The Financial Institution That Gets Longevity, COVID, and The New Retirement
By Michael Hodin
Like previous pandemics, COVID-19 has touched off profound changes for our societies, economies, workforces, and overall life models, not least of which are people’s shifting expectations for later-life work, purpose, health, and finances. Bank of America’s Lorna Sabbia and Surya Kolluri recently explored these trends in a wide-ranging discussion on the emerging shifts and signals that people are rethinking the period once known as retirement.
COVID-19 has accelerated many of the trends that were already challenging the outdated study-work-retire model, as individuals and families, financial services institutions, and policymakers grapple with the issues — and explore the opportunities — of funding lives that now routinely stretch for twenty, twenty-five, or thirty years after traditional retirement age. As you might expect, many people are now feeling less secure about their finances and future medical costs due to the pandemic, which has upended key industries, challenged health systems, and generated trillions of dollars in economic impacts.
However, there is an even deeper shift playing out in our societies, which has been underway for at least decade linked to the profound transformation of longer lives and more old than young across society. The trend is formally built into formal endorsement through the Decade of Healthy Ageing, recognized by Fortune 100 corporate leaders such as Bank of America in their commitment to healthier longevity. These shifts already embedded in the Decade of Healthy Ageing are further prompted by COVID-19 from which tens of millions of older adults have been reflecting on what they want to get out of their later years. They are rejecting outdated notions of retirement but instead asking how they can continue to lead productive, purposeful, healthy, and financially secure lives for decades after 60. This broad shift in mindset may be one of the most enduring legacies of the pandemic, helping to permanently retire the 20th-century notions of retirement that were on their way out even before COVID-19.
While there’s still a long way to go to control and end COVID-19, some fundamental lessons are emerging for how people and institutions can reinvent retirement in the post-COVID era:
· Planning for a full century of financial and healthcare needs. As Bank of America’s experts highlight, people must consider how they will fund living expenses and healthcare costs across the full span of modern longevity. For example, a healthy 65-year-old couple has a fifty-percent chance that one of the partners will live to 92 or older. It’s perhaps no surprise, then, that just 14% of Gen X is confident that they are saving enough for lifetime healthcare costs. To meet their needs, people need to consider their own longevity-informed roadmap, with a combination of saving, investing, and working longer, supported by innovative financial vehicles and education.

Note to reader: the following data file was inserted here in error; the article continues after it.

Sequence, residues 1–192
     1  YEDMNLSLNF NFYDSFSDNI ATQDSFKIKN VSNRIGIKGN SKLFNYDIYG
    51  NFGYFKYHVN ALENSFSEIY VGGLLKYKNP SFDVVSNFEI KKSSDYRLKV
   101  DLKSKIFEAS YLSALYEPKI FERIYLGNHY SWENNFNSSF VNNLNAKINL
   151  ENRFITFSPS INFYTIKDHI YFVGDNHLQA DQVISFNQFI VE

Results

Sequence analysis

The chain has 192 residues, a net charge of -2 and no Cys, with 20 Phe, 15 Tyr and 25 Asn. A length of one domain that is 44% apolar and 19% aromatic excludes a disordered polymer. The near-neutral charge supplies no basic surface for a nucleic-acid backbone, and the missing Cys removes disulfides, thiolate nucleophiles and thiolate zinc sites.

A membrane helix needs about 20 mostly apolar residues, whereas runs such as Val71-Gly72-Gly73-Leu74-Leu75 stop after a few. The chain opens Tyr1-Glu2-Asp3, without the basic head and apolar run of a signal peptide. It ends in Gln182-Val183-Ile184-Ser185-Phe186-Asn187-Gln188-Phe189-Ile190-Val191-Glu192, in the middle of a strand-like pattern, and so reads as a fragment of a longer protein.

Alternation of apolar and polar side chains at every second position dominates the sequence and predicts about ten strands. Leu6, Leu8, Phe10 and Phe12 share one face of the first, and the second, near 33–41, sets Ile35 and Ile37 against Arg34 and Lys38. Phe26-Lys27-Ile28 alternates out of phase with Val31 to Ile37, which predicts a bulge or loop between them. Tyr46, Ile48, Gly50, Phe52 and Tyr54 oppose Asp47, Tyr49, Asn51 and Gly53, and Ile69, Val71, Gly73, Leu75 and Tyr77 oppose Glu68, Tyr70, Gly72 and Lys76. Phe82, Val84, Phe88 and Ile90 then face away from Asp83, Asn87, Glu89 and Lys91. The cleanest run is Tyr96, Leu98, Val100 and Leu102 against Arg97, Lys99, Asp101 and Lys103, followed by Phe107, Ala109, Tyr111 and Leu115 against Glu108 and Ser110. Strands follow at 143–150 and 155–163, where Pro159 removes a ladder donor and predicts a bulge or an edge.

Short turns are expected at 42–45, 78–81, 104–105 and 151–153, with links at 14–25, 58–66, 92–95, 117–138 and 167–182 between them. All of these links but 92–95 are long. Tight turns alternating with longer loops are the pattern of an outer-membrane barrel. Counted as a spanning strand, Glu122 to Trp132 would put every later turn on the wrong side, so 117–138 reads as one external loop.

· Addressing the gender gap in investing and saving. Women, on average, live significantly longer than men, yet they also face a “pay gap” and work interruptions that mean a woman at retirement age may have earned a cumulative $1,055,000 less than a man. Addressing this disparity requires increasing financial empowerment among women, as well as solutions to mitigate or avoid work interruptions, often due to family care — including supportive employer policies and professional home care.
· Extending “health span” to equal life span. Bank of America’s research has highlighted that there is currently a 10-year gap in the U.S. between the average lifespan versus the average “health span,” or the number of years lived in good health. New healthcare innovations, especially better treatments for Alzheimer’s and other age-related conditions, can help to close this gap, so people can enjoy all of their later years. Elder caregiving is a critical path for this particular challenge and a model for enabling healthier aging generally. This can also help people to work for longer, launch second careers, or start their own businesses — providing additional income and continued activity and engagement in a virtuous cycle.
· Expanding the silver economy. People are increasingly rejecting the idea that aging should mean they retire, become less active, and disengage from their activities or communities. Instead, they want their later years to be purposeful and even profitable. This opens new opportunities for the $17-trillion global silver economy, which can empower older adults as both employees and consumers, while driving the post-COVID recovery with products, services, and innovations designed for the needs and interests of this huge market and pool of talent.
These key tenets point a path forward for rethinking retirement during and after the COVID-19 pandemic. By shaping individual expectations, market offerings, and policy for the dynamics of longer lives, we can step forward into a healthier and wealthier world for decades to come. It’s a conversation that can find national and global actions in the UN/WHO Decade of Healthy Ageing, itself the single most transformational policy framework for healthier longevity.